A note from our founder, Jenna Lee Babin, adapted from the SmartHER Podcast.
Happy July 4th!
And a very happy anniversary to my husband, Leif Babin. We married July 4th weekend, 2011. I think back to that time now and shake my head. I had no idea I’d be living down the road from where we walked down the aisle right outside of Austin Texas. It’s funny the twists and turns of life, isn’t it? History teaches us that as well.
Just the other day, I visited a cute little local store. I got kicked out of the coffee shop across the street because of shorter summer hours, so I thought “what the heck?” and went into the store, simply for “research” purposes. I walked out with two very cool wooden signs.
They have the same driftwood color frame and beige weathered background. But one square reads in very clear typewriter font: Land of the free. The other reads: Home of the brave.
And when I saw them, I had to have them. I just loved seeing those two sentences in isolation.
Land of the free.
Home of the brave.
I read those sentences and think…”YES. That’s right! That’s a fact.”
But its interesting to think about another fact – that neither expression existed for some of the most important people who made that fact a reality. The Star Spangle Banner didn’t exist until the war of 1812, years after the end of the Revolutionary War.
And this makes me think back on something I heard the famous historian David McCullough talk about and that’s perspective – remembering the perspective of the individuals at the time and place in history. I’ll explain.
I made a trip to a special historic landmark a few weeks ago.
A place where timing and weather and luck and perservance all converged on a snowy, windswept frigid night more than 200 years ago.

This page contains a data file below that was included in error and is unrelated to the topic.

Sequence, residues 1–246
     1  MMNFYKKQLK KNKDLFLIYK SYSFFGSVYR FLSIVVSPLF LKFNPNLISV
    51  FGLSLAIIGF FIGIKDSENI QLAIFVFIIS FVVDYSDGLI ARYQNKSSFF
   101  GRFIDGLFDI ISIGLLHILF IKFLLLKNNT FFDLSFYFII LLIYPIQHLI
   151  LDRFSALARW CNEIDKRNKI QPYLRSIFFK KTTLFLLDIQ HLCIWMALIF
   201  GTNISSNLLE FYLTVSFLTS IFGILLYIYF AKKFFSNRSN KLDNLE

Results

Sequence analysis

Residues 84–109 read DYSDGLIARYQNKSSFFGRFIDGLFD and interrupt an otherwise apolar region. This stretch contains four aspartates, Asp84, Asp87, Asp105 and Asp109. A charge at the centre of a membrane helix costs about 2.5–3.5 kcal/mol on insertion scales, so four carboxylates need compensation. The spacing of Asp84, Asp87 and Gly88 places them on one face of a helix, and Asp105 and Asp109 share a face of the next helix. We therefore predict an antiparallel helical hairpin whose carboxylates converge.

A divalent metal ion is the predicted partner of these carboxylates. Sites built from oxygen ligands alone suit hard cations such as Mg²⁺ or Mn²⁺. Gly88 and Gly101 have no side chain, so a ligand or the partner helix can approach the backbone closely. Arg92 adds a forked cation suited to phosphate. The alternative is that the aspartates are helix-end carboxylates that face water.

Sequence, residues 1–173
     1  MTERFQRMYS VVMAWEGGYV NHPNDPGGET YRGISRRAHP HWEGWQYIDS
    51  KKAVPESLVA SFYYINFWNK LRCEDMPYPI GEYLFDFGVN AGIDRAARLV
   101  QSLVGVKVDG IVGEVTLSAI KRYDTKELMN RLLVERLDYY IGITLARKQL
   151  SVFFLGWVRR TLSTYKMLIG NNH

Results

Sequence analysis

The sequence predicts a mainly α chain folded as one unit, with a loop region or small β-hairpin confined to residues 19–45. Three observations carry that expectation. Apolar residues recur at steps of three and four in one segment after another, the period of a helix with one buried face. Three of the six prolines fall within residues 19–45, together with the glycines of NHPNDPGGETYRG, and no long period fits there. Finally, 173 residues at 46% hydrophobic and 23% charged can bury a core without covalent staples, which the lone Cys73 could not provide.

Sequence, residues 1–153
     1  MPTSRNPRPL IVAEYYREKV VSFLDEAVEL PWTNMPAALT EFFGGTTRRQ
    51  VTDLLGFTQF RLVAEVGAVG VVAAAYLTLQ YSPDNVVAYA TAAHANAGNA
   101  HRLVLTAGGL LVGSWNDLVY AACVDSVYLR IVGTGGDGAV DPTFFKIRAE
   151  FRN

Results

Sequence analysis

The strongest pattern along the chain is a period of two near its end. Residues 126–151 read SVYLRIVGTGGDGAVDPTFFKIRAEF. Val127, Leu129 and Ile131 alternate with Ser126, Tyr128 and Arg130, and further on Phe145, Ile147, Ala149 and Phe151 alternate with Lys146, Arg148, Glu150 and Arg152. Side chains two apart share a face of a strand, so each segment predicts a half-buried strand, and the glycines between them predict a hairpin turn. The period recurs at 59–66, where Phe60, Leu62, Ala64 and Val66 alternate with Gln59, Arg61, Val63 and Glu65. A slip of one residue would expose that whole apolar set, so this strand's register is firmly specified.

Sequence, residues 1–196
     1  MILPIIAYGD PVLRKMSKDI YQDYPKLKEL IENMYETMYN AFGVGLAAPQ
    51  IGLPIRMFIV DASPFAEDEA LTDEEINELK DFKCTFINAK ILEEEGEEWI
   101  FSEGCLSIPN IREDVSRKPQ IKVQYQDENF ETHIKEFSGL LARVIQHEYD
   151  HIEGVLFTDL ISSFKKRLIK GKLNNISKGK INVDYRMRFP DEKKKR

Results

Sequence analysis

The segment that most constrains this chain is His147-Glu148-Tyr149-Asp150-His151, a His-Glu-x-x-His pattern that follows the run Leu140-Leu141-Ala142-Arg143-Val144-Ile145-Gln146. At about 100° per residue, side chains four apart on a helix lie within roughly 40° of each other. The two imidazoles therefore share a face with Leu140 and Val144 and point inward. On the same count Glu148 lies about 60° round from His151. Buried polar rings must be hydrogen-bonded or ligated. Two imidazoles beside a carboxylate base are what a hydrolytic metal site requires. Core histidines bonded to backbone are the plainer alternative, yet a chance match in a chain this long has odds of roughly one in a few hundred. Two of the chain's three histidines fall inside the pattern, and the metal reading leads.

It was that night, Christmas 1776, when the idea of celebrating America’s independence in the heat of summer would seem absolutely…totally…insane. Ridiculous, in fact.
That night, General George Washington led a group of men across the Delaware and into history.
You might remember reading something about Washington’s Crossing of the Delaware but I know I needed a refresher.
We remember the American Revolution from a point of pride. Thats because we know what happened. We know we won. We know we are free. But divorce yourself from that thought for a moment.
Those men (and women), fighting so many years ago, did not have the benefit of knowing the future. That’s what David McCullough pointed out. They knew they faced potential death, starvation, imprisonment. They didn’t think of fireworks and hotdogs and beach vacations. They didn’t know how great they would be. They just kept on going into the unknown with an idea and it worked.
They were so brave.
The American Revolutionary War lasted 7 years….7 years. Every time I read that fact, I think…”Really?” Yes. 7 years. We tend to think of it as shorter but a lot happened in those years – many people died and many doubts raised in the founding of our great nation.
And by a simple twist of fate or luck or divine intervention, America didn’t lose. But we had a few very near misses. And that’s why Washington’s Crossing marks a pivotal moment in all of our stories because it changed the momentum.
Listen to the story of told by Clay Craighead, marvelous historian, at Washington Crossing State Park. I had to go there in person. I had to stand on the ground. In a day, when electronic records can vanish, it’s important to stand where history happened. We recorded this interview in Clay’s office where he’s worked for 30 years. You’ll hear a little bit of the working office in the background – I apologize for that, but its sitting in someone’s office, where they’re comfortable, that you get the best perspective and the most passion – you’ll hear that in Clay’s voice. There’s a moment in our conversation where Clay mentions bloody footprints in the snow, an image I’ll never forget, especially this July 4th…in the land of the free. And the home…of the brave.
Here’s the link to the podcast:
Happy Independence Day,
With love from SmartHER News,